2. I think even if opinion-based, we can form reasonable conjectures based on our experience. The aforementioned source is kind of just an opinion in the sense that it doesn't really cite statistics or anything: Matthew Sadler could've just created a stackexchange account and posted an answer here. This isn't a really source. It's really technically an opinion from a pro, unlike most of us who are not pro's.

  3. We've seen Botez siblings team up against Eric Rosen to avoid adoption at least. See here or the 'in the hall of the mountain king' part.

  4. Consider like one person has a particular tactical plan and then it's split into several moves that the opponent could respond with. Assign to each move to a team member. Tactically, I really don't see how you can't delegate here. Just get 1 person to do the strategy as Matthew Sadler seems to say.


Maybe related: https://chess.stackexchange.com/a/36747

10
  • 1
    While I agree the question theoretically is objective, this answer clearly shows it's very unlikely to get an objective answer. Although Matthew Sadler is also sharing an opinion, his opinion constitutes evidence because he has perhaps been in or near that position himself (e.g., a team of British GMs may consult in casual play against Michael Adams during practice; extrapolating from Adams to Carlsen is the only difference here). From the rest of us who are not GMs (that could form members of the weaker team) even this anecdotal evidence is unavailable. Aug 7 at 13:22
  • 1
    In summary, your conclusion ("there is a positive impact on team strength") may make sense but it's neither here nor there - the question asks "how much stronger" the team is. If you cannot make a convincing attempt at quantifying that you have not answered the question at all, let alone an answer that should be 'accepted' as correct/complete. Aug 7 at 13:23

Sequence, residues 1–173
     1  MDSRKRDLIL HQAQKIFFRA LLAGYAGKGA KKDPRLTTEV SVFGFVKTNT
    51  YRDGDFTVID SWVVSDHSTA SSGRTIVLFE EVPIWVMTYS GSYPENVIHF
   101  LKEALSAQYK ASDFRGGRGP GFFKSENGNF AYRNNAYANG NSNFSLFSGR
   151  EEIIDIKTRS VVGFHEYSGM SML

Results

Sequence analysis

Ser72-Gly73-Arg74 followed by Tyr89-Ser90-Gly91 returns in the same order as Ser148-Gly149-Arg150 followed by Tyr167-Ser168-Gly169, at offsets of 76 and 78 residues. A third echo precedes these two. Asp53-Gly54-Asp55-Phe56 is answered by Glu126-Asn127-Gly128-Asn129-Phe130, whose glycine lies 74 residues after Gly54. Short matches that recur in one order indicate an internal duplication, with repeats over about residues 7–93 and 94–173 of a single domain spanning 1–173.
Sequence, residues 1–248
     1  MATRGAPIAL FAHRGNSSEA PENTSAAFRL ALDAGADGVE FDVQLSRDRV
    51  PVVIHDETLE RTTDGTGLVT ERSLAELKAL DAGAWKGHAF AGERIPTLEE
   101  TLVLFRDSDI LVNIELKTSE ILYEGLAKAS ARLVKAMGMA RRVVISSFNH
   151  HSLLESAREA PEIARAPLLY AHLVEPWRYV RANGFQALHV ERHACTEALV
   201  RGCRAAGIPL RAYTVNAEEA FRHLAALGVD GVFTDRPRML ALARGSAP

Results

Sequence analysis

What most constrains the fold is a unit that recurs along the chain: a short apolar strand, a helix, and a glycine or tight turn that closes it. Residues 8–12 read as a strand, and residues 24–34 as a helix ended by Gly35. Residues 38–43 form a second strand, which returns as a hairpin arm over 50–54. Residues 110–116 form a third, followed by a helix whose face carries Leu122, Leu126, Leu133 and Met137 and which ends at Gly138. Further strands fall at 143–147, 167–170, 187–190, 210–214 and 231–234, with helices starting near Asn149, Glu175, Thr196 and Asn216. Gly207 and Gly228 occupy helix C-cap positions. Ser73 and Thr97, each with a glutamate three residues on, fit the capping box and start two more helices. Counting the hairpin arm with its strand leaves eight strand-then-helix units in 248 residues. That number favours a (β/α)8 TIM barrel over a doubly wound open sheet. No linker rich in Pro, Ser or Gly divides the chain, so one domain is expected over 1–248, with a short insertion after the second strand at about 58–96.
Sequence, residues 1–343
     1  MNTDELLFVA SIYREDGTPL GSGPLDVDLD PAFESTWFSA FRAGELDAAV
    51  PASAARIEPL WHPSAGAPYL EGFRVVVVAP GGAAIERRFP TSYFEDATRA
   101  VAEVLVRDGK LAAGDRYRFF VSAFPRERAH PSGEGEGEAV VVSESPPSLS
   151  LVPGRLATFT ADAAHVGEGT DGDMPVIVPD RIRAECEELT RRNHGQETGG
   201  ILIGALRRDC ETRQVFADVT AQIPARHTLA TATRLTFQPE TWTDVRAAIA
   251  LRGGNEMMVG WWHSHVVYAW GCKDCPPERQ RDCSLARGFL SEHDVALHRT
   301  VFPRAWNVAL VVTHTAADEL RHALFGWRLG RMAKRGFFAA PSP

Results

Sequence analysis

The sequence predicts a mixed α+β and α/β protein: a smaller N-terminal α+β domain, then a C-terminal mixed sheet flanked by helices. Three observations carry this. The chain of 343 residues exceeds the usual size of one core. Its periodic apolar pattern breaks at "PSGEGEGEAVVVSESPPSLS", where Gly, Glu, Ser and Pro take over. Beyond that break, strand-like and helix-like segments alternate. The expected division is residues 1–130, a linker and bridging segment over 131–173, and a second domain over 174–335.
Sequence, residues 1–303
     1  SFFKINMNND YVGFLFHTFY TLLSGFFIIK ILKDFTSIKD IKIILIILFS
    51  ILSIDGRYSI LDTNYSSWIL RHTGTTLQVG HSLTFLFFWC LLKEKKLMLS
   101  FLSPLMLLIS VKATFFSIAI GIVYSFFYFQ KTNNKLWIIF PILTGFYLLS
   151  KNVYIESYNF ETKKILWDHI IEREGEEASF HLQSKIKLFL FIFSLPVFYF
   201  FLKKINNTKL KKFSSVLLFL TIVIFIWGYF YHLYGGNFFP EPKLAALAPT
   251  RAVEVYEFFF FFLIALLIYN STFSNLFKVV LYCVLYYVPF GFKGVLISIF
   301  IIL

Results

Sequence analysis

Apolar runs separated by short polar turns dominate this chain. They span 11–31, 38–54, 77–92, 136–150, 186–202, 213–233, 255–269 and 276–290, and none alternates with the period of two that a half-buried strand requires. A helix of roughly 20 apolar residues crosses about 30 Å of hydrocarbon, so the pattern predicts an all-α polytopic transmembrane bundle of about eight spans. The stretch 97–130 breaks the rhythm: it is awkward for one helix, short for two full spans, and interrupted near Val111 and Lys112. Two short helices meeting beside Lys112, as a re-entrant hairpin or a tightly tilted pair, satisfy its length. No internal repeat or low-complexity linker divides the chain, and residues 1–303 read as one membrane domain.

• @MobeusZoom oh wow i didn't quite notice that. good job. i guess i just interpret the question as like 'how sure are we that they could win?' is that an unreasonable interpretation to you?
    – BCLC
    Aug 8 at 16:23
  • 1
    okay but how sure are we that they could win against Carlsen? what probability do you give them to win? (and if you take a guess, how can you evidence that? the fact it's close to impossible is why I think the question needs to be renamed to "is a team stronger" rather than "how much stronger is a team") Aug 8 at 19:52
  • @MobeusZoom why 'fact' ?
    – BCLC
    Aug 9 at 20:37
5

I think a team of GMs are not significantly stronger than a single GM.

My reasoning is: Thinking is fast while communicating is slow and error-prone. It takes dramatically more time to explain an assessment to another GM and while trying to explain some things will be omitted/forgetted. In the end a team of GMs will spend considerably more time to produce a quality move and that move may not be significantly better to justify spending extra time.